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Author Topic: What car to buy?  (Read 2944 times)
ceecpa
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« on: November 10, 2006, 03:51:51 PM »

I'm going to purchase my last car in about a year.  Perhaps I'm starting too far in advance but I like to know where I'm going.  Here are my issues...
1. I want a car that will hold 3 big men plus driver easily.  My Forester was inadequate to the task in a recent run through of the Old Dominion.
2. Recently I asked Subaru to sell me a special tool.  They refused. Accordingly, I want a car that can be serviced by an experienced and intelligent home mechanic using commonly available tools.
3. I want a car that will easily achieve 200,000 miles.  I'm carefult about changing oil and coolants, and I use the very best synthetic, Mobil 1.
4. I want a car with a bumper to which I can attach real driving lights.

Are there any such cars?

Thanks for your help,
Chuck Edwards
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Chuck Edwards
jloehlein
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« Reply #1 on: November 25, 2006, 08:49:28 AM »

Sounds like you need a diesel, crew cab pickup...or a Crown Victoria.  I owned a 2000 Crown Vic that I bought with 100k on it from the California Highway Patrol in 2004.  I sold it in early 2006 with 170k on it and it ran fine, I never needed to do anything except change the fluids and I replaced the shocks.  I just wanted a car that got more than 20mpg.

The car will do all 4 things that you listed.  The interior is very spacious, 4 large adults would not be a problem.  You do not need any special tools, the car is very simple and easy to work on.  It is good, old-fashioned Body-On-Frame, front engine, RWD technology.  There is plenty of room to get to everything.  Parts are also easy to come by, and dealers are generally easy to deal with.  I bought 4 new Police Package shocks from the dealer for under $100 total when I first got my car.  Good junkyard parts are also easy to find if you ever crack the car up, because so many police cars end up in the junkyard after only a couple of years from being in accidents.  Attaching driving lights to the front bumper should be no problem, either fog lights, or rally lights.  Mounting rally lights should be a piece of cake, considering the CHP can mount a full push bumper in a manner where they don't even have to drill into the bumper cover.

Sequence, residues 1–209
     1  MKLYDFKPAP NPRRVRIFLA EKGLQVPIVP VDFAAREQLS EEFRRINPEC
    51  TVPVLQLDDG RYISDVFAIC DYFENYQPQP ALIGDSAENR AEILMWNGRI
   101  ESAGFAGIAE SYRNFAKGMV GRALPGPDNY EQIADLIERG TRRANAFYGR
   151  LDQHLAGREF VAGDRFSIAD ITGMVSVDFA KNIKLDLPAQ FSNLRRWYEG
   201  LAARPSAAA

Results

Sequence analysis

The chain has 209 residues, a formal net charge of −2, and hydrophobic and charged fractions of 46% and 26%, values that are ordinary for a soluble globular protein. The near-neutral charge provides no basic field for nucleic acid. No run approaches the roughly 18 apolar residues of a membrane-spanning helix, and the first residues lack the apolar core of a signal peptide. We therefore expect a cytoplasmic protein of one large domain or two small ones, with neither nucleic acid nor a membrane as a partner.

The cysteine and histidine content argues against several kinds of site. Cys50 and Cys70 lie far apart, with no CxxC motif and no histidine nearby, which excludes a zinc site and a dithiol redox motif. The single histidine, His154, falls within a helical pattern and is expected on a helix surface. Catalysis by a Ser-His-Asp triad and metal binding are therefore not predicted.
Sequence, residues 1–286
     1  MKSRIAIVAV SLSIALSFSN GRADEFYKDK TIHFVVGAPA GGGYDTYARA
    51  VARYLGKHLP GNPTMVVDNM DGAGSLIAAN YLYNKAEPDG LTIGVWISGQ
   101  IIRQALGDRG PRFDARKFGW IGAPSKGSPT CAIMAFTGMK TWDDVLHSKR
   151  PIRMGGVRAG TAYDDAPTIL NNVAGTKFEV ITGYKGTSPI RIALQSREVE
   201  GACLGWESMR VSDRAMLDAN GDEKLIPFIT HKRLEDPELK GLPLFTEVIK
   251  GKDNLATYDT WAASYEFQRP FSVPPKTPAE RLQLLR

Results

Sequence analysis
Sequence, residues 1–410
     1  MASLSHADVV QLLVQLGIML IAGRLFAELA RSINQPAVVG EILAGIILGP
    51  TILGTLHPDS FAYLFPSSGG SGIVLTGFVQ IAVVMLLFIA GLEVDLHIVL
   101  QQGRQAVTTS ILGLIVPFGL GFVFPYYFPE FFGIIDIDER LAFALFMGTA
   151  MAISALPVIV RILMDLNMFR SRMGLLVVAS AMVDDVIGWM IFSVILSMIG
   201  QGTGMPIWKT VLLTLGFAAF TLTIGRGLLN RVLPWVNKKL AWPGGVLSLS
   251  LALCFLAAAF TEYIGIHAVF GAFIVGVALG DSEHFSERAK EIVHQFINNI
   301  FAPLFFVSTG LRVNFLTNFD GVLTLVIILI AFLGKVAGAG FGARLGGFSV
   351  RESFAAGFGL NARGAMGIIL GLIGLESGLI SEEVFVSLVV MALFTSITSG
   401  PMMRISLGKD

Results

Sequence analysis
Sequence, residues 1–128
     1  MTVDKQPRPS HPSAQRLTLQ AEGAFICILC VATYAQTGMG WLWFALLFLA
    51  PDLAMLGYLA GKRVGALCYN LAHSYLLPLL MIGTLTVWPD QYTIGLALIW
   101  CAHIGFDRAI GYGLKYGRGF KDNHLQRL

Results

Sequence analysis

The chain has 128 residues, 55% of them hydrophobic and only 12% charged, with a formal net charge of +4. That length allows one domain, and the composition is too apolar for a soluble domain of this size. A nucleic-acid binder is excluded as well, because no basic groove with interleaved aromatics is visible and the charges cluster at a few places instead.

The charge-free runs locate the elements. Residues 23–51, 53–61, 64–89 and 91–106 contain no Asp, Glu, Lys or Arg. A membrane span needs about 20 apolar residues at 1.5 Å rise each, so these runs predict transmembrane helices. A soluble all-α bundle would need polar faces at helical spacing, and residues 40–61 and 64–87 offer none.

These cars are indestructible.  The police drive them hard for 100k-150k then they usually end up in the hands of cabbies who beat the snot out of them to well over 200k.  I put mine through a 9" diameter tree that was about 15-20ft tall at 70mph and I uprooted the tree and split it into a bunch of pieces.  I drove the car to my friend's garage and got all the parts I needed the next day at a junkyard.  I replaced the driver's side fender, door, and suspension.  Even after having it aligned and painted, I spent under $600.

If you are looking to buy a new car, you can find new Police Package cars for $23k-$25k and Civilian LX Sports for slightly more.  The police package cars get some extra fluid coolers, a beefed up suspension, different torque converter and transmission shift behavior, and at least the 2000 that I had came with a shorter rear-end gear ratio than its civilian counterparts.  The only thing I didn't like about the car was the gas mileage.  I got about 18-19mpg city and 20-21mpg highway, civilian cars are slightly better.  Some people may complain about size too.  Because you can comfortably carry 4 large males and the trunk is enormous, the car is HUGE.  They weigh in right around 2 tons and are 9" longer and 4" wider than an S-class Mercedes.  The police package cars handle remarkably well for their size though, I autocrossed mine and was competitive with Subaru Legacy and Outback wagons.  If you want to know any more information, just ask me.

[Edited on 11-25-2006 by blue06civic]
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2000 Honda Insight - Daily Driver (in the process of engine swapping now)
1995 Honda Civic CX - Street Mod/HPDE beater
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askeptic
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« Reply #2 on: December 11, 2006, 07:32:54 PM »

Hi Chuck,
I have a '95 Lexus ES300 that has been an excellent car and can seat 4 adults comfortably, decent trunk, handles decent, and when you do work on it is not really too difficult to wrench.  Just put new struts and drive axles (boots torn) in. Brakes are simple and very good. Engine had a leaking rear valve cover I just fixed. Has driving lights already.  Strong engine and tranny with Toyota reliability.  Not a rattle anywhere, and gets 28-30 on the highway.

Personally, I think Mobil 1 is second-best after Amsoil <grin>

Dennis
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